Val Demings, who rose to national prominence as a Trump impeachment manager, plans to challenge Marco Rubio in the 2022 Florida Senate race

Rep. Val Demings
Rep. Val Demings of Florida in February 2019.

Democratic Rep. Val Demings of Florida, a former Orlando police chief who rose to national prominence as an impeachment manager in former President Donald Trump’s first Senate trial, plans to challenge GOP Sen. Marco Rubio in 2022, according to Politico.

The entry of Demings into the race would provide Democrats with a top-tier candidate in the nation’s premier swing state, albeit one that has had a slight Republican tinge over the past few election cycles.

Demings, who was on President Joe Biden’s shortlist for vice presidential running mates last year, mulled over running for Senate or jumping into the 2022 governor’s race against GOP Gov. Ron DeSantis.

However, Demings felt that she could be most effective by taking on Rubio, according to several Democrats who spoke with Politico.

Demings hinted at a Senate run during an April appearance on “The Sunday Show with Jonathan Capehart.”

“I have received calls and texts and messages from people all over the state asking me to run because they feel that they are not represented and their voices are not heard,” she said. “I want to go to the position where I can do the most good. My home state of Florida deserves that.”

Demings is expected to finalize her decision in the coming weeks, according to Politico.

Read more: Being a Black Republican is exhausting. But Sen. Tim Scott and other big-name conservatives say they don’t need anyone’s pity or platitudes.

A national Democrat with knowledge of the party’s strategy to compete for the Senate seat praised Demings’ candidacy, telling Politico: “Val is an impressive and formidable candidate whose potential entrance would make the race against Rubio highly competitive.”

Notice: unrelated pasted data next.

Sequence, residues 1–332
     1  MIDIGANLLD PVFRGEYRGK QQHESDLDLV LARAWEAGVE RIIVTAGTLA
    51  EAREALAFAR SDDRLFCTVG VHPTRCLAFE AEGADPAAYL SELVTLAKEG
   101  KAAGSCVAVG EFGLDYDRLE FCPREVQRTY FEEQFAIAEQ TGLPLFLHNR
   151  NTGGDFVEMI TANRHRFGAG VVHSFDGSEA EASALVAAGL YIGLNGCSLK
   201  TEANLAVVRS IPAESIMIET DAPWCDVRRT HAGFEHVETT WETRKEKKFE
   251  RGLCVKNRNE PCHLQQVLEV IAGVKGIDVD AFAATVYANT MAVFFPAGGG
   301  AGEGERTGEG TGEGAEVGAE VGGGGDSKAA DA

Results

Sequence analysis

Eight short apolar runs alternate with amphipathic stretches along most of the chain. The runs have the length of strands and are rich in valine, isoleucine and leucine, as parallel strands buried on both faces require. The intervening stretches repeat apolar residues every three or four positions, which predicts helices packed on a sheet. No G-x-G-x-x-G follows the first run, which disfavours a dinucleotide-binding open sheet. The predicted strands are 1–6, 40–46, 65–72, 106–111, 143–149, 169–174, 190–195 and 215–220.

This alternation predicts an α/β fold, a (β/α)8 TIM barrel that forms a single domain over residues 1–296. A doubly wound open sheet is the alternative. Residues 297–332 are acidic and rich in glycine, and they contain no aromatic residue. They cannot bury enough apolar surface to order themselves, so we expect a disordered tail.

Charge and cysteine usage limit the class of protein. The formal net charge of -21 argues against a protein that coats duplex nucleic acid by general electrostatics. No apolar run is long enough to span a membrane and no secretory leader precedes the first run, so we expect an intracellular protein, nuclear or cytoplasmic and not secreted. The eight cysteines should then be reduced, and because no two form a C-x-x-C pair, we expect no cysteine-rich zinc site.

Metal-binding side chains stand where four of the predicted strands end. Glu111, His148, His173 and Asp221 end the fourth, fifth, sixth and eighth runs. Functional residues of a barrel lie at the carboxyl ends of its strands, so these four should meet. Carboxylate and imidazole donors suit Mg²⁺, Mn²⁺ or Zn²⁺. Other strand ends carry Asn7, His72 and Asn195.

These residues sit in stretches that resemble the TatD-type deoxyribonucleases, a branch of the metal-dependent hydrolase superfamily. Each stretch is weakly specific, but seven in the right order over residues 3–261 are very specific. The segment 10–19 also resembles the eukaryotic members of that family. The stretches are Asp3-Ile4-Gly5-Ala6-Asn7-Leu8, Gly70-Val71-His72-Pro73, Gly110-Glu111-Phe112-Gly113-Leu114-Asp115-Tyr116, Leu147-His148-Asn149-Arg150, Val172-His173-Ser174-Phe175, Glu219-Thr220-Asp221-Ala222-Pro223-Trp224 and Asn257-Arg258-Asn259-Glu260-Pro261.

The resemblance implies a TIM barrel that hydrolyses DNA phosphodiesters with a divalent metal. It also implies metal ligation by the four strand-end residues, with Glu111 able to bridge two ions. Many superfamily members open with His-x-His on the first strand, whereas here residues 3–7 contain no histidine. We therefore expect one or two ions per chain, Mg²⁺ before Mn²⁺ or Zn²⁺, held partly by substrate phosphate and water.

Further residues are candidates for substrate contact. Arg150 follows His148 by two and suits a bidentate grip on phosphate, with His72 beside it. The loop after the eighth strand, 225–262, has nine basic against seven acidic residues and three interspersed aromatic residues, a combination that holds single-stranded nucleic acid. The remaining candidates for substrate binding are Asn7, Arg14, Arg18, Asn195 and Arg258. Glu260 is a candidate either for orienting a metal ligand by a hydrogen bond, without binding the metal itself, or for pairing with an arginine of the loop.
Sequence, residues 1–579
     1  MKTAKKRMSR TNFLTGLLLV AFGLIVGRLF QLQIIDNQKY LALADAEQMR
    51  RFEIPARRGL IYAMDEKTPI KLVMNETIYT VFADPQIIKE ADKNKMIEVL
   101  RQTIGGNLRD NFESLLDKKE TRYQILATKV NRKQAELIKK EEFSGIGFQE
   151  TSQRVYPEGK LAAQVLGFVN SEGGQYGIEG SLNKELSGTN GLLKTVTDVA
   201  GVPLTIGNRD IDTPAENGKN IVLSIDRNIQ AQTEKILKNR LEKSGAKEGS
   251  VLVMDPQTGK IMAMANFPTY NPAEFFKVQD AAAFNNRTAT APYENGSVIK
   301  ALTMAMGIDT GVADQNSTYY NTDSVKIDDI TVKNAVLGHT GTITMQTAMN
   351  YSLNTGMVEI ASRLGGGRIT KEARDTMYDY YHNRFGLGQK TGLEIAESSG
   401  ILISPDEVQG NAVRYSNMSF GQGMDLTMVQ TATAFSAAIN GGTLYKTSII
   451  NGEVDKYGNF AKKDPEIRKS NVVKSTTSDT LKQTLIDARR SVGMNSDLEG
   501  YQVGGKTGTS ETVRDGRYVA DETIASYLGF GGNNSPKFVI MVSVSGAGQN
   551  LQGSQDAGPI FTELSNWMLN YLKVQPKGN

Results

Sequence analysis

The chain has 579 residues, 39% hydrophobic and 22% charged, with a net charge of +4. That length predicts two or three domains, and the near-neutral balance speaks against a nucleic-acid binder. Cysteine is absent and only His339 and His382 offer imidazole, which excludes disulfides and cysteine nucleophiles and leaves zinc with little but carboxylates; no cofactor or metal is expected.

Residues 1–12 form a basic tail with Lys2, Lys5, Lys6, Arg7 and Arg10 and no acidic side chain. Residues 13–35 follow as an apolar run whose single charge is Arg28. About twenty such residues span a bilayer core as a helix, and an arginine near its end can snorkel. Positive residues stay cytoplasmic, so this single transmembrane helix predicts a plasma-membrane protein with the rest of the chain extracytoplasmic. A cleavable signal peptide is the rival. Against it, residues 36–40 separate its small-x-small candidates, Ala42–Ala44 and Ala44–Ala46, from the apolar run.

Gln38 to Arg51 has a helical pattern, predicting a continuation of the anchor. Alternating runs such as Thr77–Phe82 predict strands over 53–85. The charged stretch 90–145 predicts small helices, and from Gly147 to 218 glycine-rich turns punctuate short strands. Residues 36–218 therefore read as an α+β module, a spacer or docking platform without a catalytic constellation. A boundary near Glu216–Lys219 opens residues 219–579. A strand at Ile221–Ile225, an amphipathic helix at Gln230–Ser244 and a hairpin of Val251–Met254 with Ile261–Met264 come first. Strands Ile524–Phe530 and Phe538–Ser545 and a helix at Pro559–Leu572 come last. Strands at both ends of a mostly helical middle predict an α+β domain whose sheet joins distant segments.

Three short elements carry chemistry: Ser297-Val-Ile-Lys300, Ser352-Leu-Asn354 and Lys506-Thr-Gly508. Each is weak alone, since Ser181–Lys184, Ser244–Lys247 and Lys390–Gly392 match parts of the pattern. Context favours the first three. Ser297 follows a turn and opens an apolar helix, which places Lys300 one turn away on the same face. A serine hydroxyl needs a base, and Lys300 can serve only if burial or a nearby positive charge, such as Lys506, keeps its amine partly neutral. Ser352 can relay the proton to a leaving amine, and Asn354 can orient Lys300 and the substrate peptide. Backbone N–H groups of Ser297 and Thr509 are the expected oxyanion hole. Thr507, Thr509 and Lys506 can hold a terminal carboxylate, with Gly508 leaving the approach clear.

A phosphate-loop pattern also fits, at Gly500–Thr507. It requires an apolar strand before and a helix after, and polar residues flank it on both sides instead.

In what could be a preview of a campaign message to working-class voters, a Demings advisor compared the congresswoman’s biography to that of Rubio.

“She’s the daughter of a maid and a janitor who became the first Black woman police chief in Orlando,” the advisor told Politico. “He’s the son of a maid and a bartender who’s a career politician.”

The advisor also said that Demings was dismayed by Senate Minority Leader Mitch McConnell of Kentucky and his current “obstruction” under Biden.

“If I had to point to one thing, I think it’s the Covid bill and the way Republicans voted against it for no good reason,” the advisor told Politico. “That really helped push her over the edge.”

Democrats have been angling to find a candidate to take on Rubio, a two-term senator who was first elected in 2010 and ran for president in 2016. The party is anxious to defeat the ambitious senator, but after his easier-than-expected re-election in 2016, along with Democratic statewide losses in 2018 and Trump’s win over Biden in the state last year, Republicans have been politically ascendant in Florida.

However, with Demings as a candidate, she can compellingly speak on issues of policing and criminal justice reform, and could also blunt GOP attacks regarding the “defund the police” movement, which some in the party blame for electoral losses last year.

Demings was first elected to the House in 2016, where she represents the 10th Congressional district, anchored in Orlando. She sits on the powerful Judiciary, Intelligence, and Homeland Security committees.

Demings was a law enforcement officer with the Orlando Police Department for 27 years, serving as its chief of police from 2007 to 2011. Her husband, Jerry Demings, also served as chief of Orlando’s police, and is currently the Mayor of Orange County, one of the fastest-growing localities in Central Florida.

After Trump was impeached by the House for abuse of power and obstruction of Congress over the Ukraine scandal, Demings was a highly-visible impeachment manager in his Senate trial, where she argued for his conviction.

The Senate voted to acquit Trump, but Demings told NPR that the decision to make a case against Trump was “worth it.”

“The House managers were the defenders of the Constitution,” she said. “And just like when I was a law enforcement officer, when I saw someone breaking the law, I did not stop and think about, well, my goodness, what will the judge do? What will the jury do down the road? I did my job to stop that threat and then go to court and plead my case.”

Read the original article on Business Insider